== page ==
FDA Converts Novel Alzheimer's Disease Treatment to Traditional Approval
Action Follows Confirmatory Trial to Verify Clinical Benefit
The FDA recently converted Leqembi (lecanemab-irmb), indicated to treat adult patients with Alzheimer's disease, to traditional approval following a determination that a confirmatory trial verified clinical benefit. Leqembi is the first amyloid beta-directed antibody to be converted from an accelerated approval to a traditional approval for the treatment of Alzheimer's disease. The drug works by reducing amyloid plaques that form in the brain, a defining pathophysiological feature of the disease.
Leqembi was approved in January under the Accelerated Approval pathway. This pathway allows the FDA to approve drugs for serious conditions where there is an unmet medical need, based on clinical data demonstrating the drug's effect on a surrogate endpoint—in the case of Leqembi, reducing amyloid plaques in the brain—that is reasonably likely to predict a clinical benefit to patients. As a postmarketing requirement of the accelerated approval, the FDA required the applicant to conduct a clinical trial, often referred to as a confirmatory study, to verify the anticipated clinical benefit of Leqembi. Efficacy of Leqembi was evaluated using the results of Study 301 (CLARITY AD), a Phase 3 randomized, controlled clinical trial.
"Today's action is the first verification that a drug targeting the underlying disease process of Alzheimer's disease has shown clinical benefit in this devastating disease," says Teresa Buracchio, acting director of the Office of Neuroscience in the FDA's Center for Drug Evaluation and Research. "This confirmatory study verified that it is a safe and effective treatment for patients with Alzheimer's disease."
Alzheimer's disease is an irreversible, progressive brain disorder affecting more than 6.5 million Americans. The disease slowly destroys memory and thinking skills and eventually, the ability to carry out simple tasks. While the specific causes of Alzheimer's are not fully known, it is characterized by changes in the brain—including the formation of amyloid beta plaques and neurofibrillary, or tau, tangles—that result in loss of neurons and their connections.
Study 301 was a multicenter, randomized, double-blind, placebo-controlled, parallel-group study that enrolled 1,795 patients with Alzheimer's disease. Treatment was initiated in patients with mild cognitive impairment or mild dementia stage of disease and confirmed presence of amyloid beta pathology. Patients were randomized in a 1:1 ratio to receive placebo or Leqembi at a dose of 10 mg/kg, once every two weeks. Leqembi demonstrated a statistically significant and clinically meaningful reduction of decline from baseline to 18 months on the primary endpoint, the Clinical Dementia Rating Scale Sum of Boxes score, compared with placebo. Statistically significant differences between treatment groups were also demonstrated on all secondary endpoints, which included the Alzheimer's Disease Assessment Scale Cognitive Subscale 14, and the Alzheimer's Disease Cooperative Study-Activities of Daily Living Scale for Mild Cognitive Impairment.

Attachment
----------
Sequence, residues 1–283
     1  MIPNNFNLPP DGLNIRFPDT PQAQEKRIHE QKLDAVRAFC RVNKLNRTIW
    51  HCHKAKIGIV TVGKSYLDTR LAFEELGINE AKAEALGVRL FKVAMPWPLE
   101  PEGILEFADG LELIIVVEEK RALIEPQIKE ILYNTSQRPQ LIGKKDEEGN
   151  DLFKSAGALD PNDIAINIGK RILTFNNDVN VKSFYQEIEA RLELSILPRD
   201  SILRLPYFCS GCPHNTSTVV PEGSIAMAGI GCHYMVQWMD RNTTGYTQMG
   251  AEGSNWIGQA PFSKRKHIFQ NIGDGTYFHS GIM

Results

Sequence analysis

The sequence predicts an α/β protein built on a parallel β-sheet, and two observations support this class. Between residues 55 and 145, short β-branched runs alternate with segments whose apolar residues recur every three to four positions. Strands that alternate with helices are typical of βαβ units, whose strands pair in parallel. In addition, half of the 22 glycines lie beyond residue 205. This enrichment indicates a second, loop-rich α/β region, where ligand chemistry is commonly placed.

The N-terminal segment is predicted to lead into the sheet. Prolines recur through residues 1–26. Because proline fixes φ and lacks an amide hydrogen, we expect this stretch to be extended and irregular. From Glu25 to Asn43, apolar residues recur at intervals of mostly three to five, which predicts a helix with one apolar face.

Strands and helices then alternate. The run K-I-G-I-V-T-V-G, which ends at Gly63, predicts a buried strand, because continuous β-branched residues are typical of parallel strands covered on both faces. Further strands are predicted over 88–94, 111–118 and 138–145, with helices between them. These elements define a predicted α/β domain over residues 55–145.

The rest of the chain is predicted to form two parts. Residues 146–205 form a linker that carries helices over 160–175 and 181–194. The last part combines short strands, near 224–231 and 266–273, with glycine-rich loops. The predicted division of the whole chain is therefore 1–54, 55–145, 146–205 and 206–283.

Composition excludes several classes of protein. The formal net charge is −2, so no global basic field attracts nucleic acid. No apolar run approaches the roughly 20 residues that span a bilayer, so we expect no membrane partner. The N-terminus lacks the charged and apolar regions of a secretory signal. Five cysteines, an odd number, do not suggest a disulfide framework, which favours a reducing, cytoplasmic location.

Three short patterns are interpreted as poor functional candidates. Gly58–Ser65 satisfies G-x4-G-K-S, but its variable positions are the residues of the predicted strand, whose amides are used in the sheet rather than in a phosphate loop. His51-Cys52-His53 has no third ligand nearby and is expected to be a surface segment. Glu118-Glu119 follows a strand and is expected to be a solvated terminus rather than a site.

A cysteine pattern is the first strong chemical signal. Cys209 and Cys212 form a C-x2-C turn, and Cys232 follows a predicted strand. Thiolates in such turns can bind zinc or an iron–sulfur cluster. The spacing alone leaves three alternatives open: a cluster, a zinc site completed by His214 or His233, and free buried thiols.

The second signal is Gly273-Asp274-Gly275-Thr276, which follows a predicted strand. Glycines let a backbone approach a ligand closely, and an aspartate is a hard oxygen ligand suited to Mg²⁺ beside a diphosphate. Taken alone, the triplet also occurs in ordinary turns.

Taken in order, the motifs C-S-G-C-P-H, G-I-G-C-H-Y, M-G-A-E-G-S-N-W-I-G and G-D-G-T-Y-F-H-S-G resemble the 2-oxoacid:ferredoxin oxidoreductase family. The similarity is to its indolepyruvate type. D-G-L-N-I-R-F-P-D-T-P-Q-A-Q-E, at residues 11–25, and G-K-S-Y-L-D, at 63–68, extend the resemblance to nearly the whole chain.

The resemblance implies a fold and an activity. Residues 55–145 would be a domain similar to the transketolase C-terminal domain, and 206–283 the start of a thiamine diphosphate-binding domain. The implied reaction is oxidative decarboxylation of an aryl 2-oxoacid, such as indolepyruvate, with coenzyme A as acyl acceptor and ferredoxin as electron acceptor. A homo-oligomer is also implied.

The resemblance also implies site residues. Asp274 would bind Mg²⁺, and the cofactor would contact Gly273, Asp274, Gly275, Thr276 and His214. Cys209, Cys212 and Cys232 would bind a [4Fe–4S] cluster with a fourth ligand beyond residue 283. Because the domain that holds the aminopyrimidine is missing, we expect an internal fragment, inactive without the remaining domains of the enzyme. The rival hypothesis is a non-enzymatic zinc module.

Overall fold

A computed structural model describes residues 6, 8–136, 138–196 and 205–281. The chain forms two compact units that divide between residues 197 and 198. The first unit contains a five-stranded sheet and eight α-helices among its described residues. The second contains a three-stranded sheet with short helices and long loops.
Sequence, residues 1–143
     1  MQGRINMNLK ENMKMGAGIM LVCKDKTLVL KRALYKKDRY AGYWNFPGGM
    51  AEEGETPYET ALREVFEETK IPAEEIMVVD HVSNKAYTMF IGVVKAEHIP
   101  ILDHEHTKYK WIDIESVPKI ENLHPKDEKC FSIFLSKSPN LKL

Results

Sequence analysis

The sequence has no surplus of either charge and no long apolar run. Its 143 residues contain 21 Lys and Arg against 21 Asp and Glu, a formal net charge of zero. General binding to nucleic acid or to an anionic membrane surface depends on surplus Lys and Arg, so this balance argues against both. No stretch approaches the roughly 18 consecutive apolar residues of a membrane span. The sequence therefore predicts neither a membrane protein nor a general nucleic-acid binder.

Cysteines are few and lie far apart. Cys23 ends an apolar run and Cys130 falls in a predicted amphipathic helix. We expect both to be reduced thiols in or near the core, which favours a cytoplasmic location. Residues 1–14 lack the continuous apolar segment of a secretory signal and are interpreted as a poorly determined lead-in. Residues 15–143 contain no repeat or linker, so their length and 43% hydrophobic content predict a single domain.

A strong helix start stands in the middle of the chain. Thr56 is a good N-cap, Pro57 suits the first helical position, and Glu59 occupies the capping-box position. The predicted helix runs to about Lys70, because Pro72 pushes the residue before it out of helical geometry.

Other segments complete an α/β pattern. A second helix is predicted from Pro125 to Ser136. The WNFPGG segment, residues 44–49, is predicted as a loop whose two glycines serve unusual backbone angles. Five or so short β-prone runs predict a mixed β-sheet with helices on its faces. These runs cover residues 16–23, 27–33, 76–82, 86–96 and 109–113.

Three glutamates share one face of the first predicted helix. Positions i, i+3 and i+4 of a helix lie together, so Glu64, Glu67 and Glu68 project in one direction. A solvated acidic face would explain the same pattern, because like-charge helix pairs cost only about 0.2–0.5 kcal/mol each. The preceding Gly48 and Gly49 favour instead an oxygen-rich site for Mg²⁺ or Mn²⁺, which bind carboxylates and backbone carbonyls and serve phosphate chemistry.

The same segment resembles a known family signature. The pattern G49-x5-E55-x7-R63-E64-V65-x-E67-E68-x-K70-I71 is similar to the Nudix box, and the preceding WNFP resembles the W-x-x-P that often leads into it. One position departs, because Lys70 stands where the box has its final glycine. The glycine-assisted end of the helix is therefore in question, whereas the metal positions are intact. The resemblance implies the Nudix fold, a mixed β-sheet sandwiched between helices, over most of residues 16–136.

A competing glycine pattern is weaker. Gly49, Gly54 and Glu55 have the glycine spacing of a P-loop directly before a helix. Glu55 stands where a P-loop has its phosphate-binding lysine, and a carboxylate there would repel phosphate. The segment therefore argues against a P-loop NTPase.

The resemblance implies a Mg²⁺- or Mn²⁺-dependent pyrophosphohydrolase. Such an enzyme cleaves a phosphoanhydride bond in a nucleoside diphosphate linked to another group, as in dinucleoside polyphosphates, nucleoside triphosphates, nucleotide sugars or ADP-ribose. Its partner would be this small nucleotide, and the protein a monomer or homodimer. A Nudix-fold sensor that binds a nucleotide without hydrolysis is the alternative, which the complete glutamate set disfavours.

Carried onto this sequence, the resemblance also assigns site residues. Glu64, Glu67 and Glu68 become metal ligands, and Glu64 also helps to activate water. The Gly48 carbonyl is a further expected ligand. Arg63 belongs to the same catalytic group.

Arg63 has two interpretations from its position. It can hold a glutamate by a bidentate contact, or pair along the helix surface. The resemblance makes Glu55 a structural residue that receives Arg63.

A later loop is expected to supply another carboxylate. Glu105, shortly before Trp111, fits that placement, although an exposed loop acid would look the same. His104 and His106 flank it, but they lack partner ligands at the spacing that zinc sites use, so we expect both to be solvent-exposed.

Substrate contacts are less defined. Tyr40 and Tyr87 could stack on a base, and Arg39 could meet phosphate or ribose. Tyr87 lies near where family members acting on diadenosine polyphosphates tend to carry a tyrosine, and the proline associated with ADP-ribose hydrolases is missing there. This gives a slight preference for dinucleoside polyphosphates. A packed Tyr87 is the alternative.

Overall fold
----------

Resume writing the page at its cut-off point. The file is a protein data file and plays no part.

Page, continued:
On June 9, the FDA convened the Peripheral and Central Nervous System Drugs Advisory Committee to discuss whether Study 301 provided evidence of clinical benefit of Leqembi for the treatment of Alzheimer's disease. All committee members voted affirmatively that the results of the study verified the clinical benefit of Leqembi for the indicated use.
The most common side effects of Leqembi were headache, infusion-related reactions and amyloid-related imaging abnormalities (ARIA), a side effect known to occur with the class of antibodies targeting amyloid. ARIA most commonly presents as temporary swelling in areas of the brain seen on imaging studies that usually resolves over time and may be accompanied by small spots of bleeding in or on the surface of the brain. Although ARIA is often not associated with any symptoms, symptoms can occur and include headache, confusion, dizziness, vision changes and nausea. ARIA can also infrequently present with serious and life-threatening brain edema that can be associated with seizures and other severe neurological symptoms. Intracerebral hemorrhages can occur in patients treated with this class of medications and can be fatal. A boxed warning is included in the prescribing information to alert patients and caregivers to the potential risks associated with ARIA.
Patients treated with Leqembi who are homozygous for the ApoE ε4 allele have a higher incidence of ARIA, including symptomatic, serious, and severe ARIA, compared with heterozygotes and noncarriers. The prescribing information states that testing for ApoE ε4 status should be performed before starting treatment with Leqembi to inform the risk of developing ARIA.
Use of anticoagulant medication was associated with an increased number of intracerebral hemorrhages in patients taking Leqembi compared with placebo. The prescribing information recommends caution when considering use of Leqembi in patients taking anticoagulants or with other risk factors for intracerebral hemorrhage.
Leqembi is contraindicated in patients with serious hypersensitivity to lecanemab-irmb or to any of its inactive ingredients. Adverse reactions may include angioedema (swelling) and anaphylaxis (allergic reaction).
Leqembi should be initiated in patients with mild cognitive impairment or mild dementia stage of Alzheimer's disease, the population in which treatment was studied in clinical trials. The labeling states that there are no safety or effectiveness data on initiating treatment at earlier or later stages of the disease than were studied.
The approval of Leqembi was granted to Eisai Inc.